How to Make Pie Crust with a Flaky Texture

The best pies start with the best crusts. Learn how to make pie crust from scratch using these step-by-step instructions.

When it comes to baking pies, the most daunting part of the process is making the perfect flaky crust. After all, you want a great foundation to hold all those delicious fillings. But once you master the technique for how to make pie crust from scratch, you can whip up flaky homemade pie crusts that everyone will be talking about.

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What Makes a Pie Crust Flaky?

In a word—butter! Although shortening, lard and butter are all used in pie crusts, our Test Kitchen proved that butter makes the flakiest and tastiest crust. Crusts made with shortening tend to create crumbles rather than flaky layers, and crusts made with lard have a greasy consistency.

“Always start with cold butter,” says Taste of Home Executive Culinary Director Sarah Farmer. “That way, the heat of the oven will melt it, creating pockets of steam. The steam then gives lift to the pastry, resulting in flaky layers.” (Psst: Here are the best butter brands, according to our Test Kitchen.)

How to Make Pie Crust

This top-rated butter pie pastry recipe is a favorite among readers and our Test Kitchen cooks. It makes a single crust, so double the recipe when making double-crust pies.


  • 1-1/4 cups all-purpose flour
  • 1/4 teaspoon salt
  • 1/2 cup cold butter, cubed
  • 3 to 4 tablespoons ice water

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Step 1: Cut the butter into the flour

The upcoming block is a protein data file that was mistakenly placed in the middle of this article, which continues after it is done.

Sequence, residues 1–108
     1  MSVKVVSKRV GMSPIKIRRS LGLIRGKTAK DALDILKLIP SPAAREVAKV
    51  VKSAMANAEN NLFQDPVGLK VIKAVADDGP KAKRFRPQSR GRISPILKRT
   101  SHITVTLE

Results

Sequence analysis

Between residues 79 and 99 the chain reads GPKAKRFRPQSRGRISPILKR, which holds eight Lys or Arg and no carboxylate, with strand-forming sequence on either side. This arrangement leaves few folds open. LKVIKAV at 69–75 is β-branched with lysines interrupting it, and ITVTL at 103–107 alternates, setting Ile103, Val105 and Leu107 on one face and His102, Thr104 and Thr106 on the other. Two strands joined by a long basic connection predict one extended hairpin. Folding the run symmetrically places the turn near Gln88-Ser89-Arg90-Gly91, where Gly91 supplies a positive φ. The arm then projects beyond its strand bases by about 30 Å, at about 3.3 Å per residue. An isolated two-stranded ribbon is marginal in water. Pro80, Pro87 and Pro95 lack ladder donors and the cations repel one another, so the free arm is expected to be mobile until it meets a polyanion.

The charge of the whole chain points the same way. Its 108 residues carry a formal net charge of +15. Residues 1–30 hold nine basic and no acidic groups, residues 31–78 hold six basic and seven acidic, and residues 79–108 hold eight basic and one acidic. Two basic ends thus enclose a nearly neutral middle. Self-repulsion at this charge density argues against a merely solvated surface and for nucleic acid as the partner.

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The first step in making pie crust is to quickly whisk together the salt and flour in a large mixing bowl. Then, use a pastry blender to cut cold butter into the flour. Work the butter into the dough until the bits are about pea-sized. Avoid using your fingers to mix—your hands are warm and will melt the butter!

Editor’s Tip: If you’re short on time, use a food processor to cut the butter into the dough. Add your ingredients into the food processor and pulse as needed until the crumbs become pea-sized.

Step 2: Add water

Next, add ice-cold water to your pastry mix. Start slow with just 2 or 3 tablespoons and add more as needed, a tip from Grandma’s pie-making rulebook. Your crust is at the right consistency when it holds together when pressed.

“A gentle hand is needed to create flaky layers,” Farmer says. “Using a fork, toss (don’t press) cold butter and water into the flour just until everything is mixed and thoroughly coated.”

Test Kitchen Tip: Avoid over-mixing the pie crust dough—handling the dough too much will create a tough crust.

Step 3: Chill the pie pastry

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Before doing anything else with your pastry, let it chill in the fridge for at least an hour to help firm up the butter. We’ll say it a thousand times if we have to: Cold butter equals flaky crusts.

To chill, form the pastry dough into a disk and cover it tightly with plastic wrap or waxed paper. (Learn more tips on making perfect pie crust.)

Step 4: Roll the pie crust

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After allowing your pie crust to chill, it’s time to get rolling. Lightly dust your work surface and rolling pin with flour to prevent the dough from sticking. As for the best rolling pin to use, it’s all personal preference. If you have a stainless steel or marble pin, pop it in the fridge or freezer in advance—this will keep the pastry dough cool.